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Has anybody done this show. I am really nervous as it will be my first show where  I can't drive. I live in Boston. Like what do I do about a booth? I can't ship.

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The best tip I can give you is be prepared for wind. Even when it's not a windy day, a lot of the spaces are very windy. I lost a jewelry case on a rather calm day there...
Umm... I guess my first question would be, "Why did you apply to a show where you didn't know you could get a tent or not and you can't ship things?"  No offense, but I would think that would be a deal-breaker to attending a show!  LOL!  Contact the art organization to see if they can help you out, but I seem to remember they had some spots under a big tent they provided.  Not sure if they're still doing that or not.
Hi Amy Good point, I know it sounds weird, but I have only been doing indoor shows and this is my first year. I wanted to branch out to outdoor. I do intend to get a tent, but not sure what to get, what works the best. And I planning on taking everything on the plane with me, so I was hoping for advise as to what would  be good to travel, lightly. I am a fiber artist and I can pack all my goods in one suitcase and I display using a strap and rod system, which hangs off my indoor booth, and packs into the same suitcase. So I am hoping to find a tent that will accept my present system, with modifications of course. Any advise would be welcome.

Having done the show almost every year since '93, I would suggest emailing them and asking if they can get you a rental tent - I've seen them there before.  And the rental tents will have weights on each leg.  I don't know how you'll get from the airport to the show site or to your hotel, but maybe a cab?  The host hotel - the Mark Twain - is only about two blocks from the show site, so you won't need a vehicle once you've set up.

They have a free pizza and beer party at the show site on Fri. evening, so come hungry, plus they bring around lunches on Sat. and Sun., plus coffee and muffins each morning.  You will gain weight at this show!

Setup is Fri., starting about 10 AM, you will get a setup time, but you can get there a little early if you wish.  Get a ride to the artists' party on Sat. night.  It is not to be missed.  Those people put on one of the greatest laff riots of any show you'll ever do.  And the food and bottomless bottles of wine and beer don't hurt, either.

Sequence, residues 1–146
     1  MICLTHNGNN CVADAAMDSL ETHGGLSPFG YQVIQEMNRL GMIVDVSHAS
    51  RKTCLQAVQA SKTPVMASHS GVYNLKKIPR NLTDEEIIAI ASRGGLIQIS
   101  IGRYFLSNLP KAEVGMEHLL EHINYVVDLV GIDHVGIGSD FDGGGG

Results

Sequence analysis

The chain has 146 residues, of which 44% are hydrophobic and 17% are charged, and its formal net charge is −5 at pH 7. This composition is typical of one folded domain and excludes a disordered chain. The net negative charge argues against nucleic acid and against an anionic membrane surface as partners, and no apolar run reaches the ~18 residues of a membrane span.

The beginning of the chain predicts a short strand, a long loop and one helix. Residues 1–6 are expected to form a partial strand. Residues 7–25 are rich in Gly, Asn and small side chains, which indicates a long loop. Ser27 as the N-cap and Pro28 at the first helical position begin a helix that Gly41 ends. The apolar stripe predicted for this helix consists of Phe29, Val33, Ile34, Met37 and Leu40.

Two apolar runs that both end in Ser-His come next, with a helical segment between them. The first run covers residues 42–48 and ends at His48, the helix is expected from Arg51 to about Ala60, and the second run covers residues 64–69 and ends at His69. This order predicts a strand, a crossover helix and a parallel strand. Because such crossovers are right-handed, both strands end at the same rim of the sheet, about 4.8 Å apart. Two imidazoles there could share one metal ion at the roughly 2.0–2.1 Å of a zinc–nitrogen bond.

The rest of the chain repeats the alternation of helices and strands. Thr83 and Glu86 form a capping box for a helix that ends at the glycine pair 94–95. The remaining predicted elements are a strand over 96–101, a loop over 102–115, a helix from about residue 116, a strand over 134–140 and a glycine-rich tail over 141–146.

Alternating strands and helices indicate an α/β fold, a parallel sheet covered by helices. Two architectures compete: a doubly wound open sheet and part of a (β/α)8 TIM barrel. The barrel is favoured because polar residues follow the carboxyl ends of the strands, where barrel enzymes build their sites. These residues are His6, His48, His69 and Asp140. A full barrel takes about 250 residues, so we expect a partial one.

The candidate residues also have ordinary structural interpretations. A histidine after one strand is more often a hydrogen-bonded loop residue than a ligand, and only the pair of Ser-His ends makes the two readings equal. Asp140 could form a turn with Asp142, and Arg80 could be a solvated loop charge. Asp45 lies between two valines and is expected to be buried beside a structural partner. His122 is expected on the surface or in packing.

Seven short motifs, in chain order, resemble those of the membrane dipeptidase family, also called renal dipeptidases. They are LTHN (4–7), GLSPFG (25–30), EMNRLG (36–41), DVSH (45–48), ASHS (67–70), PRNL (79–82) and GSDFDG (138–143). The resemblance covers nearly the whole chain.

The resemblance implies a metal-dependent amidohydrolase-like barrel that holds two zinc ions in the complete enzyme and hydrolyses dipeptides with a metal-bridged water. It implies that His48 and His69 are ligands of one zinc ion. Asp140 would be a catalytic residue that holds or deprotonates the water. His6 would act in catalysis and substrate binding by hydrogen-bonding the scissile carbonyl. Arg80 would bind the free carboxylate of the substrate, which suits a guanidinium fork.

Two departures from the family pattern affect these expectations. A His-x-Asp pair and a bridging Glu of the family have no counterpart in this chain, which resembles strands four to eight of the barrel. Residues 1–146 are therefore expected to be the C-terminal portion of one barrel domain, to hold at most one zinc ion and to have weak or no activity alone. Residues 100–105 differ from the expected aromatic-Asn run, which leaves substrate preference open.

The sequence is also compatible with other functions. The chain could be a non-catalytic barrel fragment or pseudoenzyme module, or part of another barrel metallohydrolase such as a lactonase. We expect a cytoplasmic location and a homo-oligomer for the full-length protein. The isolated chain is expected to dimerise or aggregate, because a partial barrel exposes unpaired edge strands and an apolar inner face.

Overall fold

Thank you Ron    I am really nervous as this will be my first show outside the new englang area. Is it a well attended show?

Barbara, I have been a volunteer with the Art guild for over 12 years - and co-chaired the fair for as many.  Call the Art Guild = 309-671-1093, talk to Emily, the staff coordinator, she can put you in touch with the tent rental company - Cook Rentals (309) 676-5544, or you can call them directly.  They will for about $100 maybe a little more, deliver and set up your tent, and as Michael said, include weights.  The show has an average attendance of 40,000 over the two days, a GREAT preview party event for patrons and sponsors.  The Art Guild does a great job of regional advertising and promotion, and the audience comes from St. Louis to Chicago.  Average sales are in the $4,000 range.  One jeweler consistently does over $28,000 each year.... Not everyone does that well, of course, but you'll have a good show, be treated like royalty, and spend a beautiful fall weekend on the Riverfront.  Enjoy,

 

Don't do it! I did this show two years ago and it remains my level of comparison for bad shows. There are no sales at this show. All the artists I talked to said they don't know why they keep coming back- "for the party, I guess" I kept hearing.  ugh

 

Terry, I'm the former co-chairperson of the Peoria Art Guild Fine Art Fair and don't see you in our database of participating artists.  Perhaps you have the show confused with one of the other ones in Peoria?

Ok... here's my two cents about this show.  As a "local artist", it's been a very long while that we've felt that the Art Guild desired "status" that is found by having national and international artists participate in the show, to the detriment of local artist participation.  So, after being ignored for so many years, most local artists don't even apply to this show!  Yes, they give a great party and treat artists very well, but Peoria is a blue-collar working town and there isn't gobs of money that are spent on anything, let alone art.  I actually go to Bloomington, 45 minutes to the east of Peoria, to do art related things, as it is a much larger white collar community with more disposable income to spend.  Having said that, we local folks don't understand how you "outside artists" keep coming back year after year! First, your crowds have to pay to get in. It started out at $1, then $3, then $5 and now rumor has it $7-$10 to get in the gate. I've actually watched people walk away from the gate when they find out they have to pay to get in. Again, we're not a bigger metro area and people here complain about even having to pay for parking, let alone participating in something! So, you're losing your audience and potential customers right off the bat. Secondly, many of you do larger venues in more metropolitan areas, and your prices reflect as such. The #1 complaint I hear from those that attend is that there is nothing there that they can afford to buy. I think photography does pretty decent (unframed and matted pieces, of course), and anyone who has smaller items that can be purchased. On the rare occasion I'm not doing a show the same weekend as the PAG show, I've gone through to see what artists I know and to look at booths/displays/etc. It's been several years now since I've gone and I know I walked away empty handed! One jeweler I looked at had necklaces ranging from $800-$1200... and she wasn't very busy. Another jeweler had really, really cool bracelets, but they STARTED at $1500. They were worth every penny, to be sure, but that is NOT something that most individuals in Peoria can buy. A 2D mixed media artist I saw had a huge primary piece in his booth that was $10K!! We're not Chicago or St. Louis and don't have the quantity of "upper class" needed to make this a successful show for everyone. So... it still puzzles "us locals" why you all come back again and again... We've sort of thought the show would falter a long time ago (kudos to the Art Guild for keeping you all coming back!).